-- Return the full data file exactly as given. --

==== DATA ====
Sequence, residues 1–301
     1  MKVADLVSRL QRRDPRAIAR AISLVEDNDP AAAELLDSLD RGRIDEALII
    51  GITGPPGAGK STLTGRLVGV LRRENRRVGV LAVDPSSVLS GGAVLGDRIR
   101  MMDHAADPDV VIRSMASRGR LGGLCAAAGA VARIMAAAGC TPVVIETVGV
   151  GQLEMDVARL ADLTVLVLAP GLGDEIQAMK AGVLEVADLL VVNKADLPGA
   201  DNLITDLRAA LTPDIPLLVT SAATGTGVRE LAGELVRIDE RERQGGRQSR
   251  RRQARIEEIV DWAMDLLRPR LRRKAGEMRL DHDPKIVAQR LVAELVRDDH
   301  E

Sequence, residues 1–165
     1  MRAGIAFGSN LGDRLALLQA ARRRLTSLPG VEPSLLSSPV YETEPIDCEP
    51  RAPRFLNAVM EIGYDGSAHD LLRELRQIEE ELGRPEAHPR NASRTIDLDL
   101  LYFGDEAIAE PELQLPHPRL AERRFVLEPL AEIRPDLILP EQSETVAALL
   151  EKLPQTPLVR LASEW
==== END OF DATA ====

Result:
Sequence, residues 1–301
     1  MKVADLVSRL QRRDPRAIAR AISLVEDNDP AAAELLDSLD RGRIDEALII
    51  GITGPPGAGK STLTGRLVGV LRRENRRVGV LAVDPSSVLS GGAVLGDRIR
   101  MMDHAADPDV VIRSMASRGR LGGLCAAAGA VARIMAAAGC TPVVIETVGV
   151  GQLEMDVARL ADLTVLVLAP GLGDEIQAMK AGVLEVADLL VVNKADLPGA
   201  DNLITDLRAA LTPDIPLLVT SAATGTGVRE LAGELVRIDE RERQGGRQSR
   251  RRQARIEEIV DWAMDLLRPR LRRKAGEMRL DHDPKIVAQR LVAELVRDDH
   301  E

Sequence, residues 1–165
     1  MRAGIAFGSN LGDRLALLQA ARRRLTSLPG VEPSLLSSPV YETEPIDCEP
    51  RAPRFLNAVM EIGYDGSAHD LLRELRQIEE ELGRPEAHPR NASRTIDLDL
   101  LYFGDEAIAE PELQLPHPRL AERRFVLEPL AEIRPDLILP EQSETVAALL
   151  EKLPQTPLVR LASEW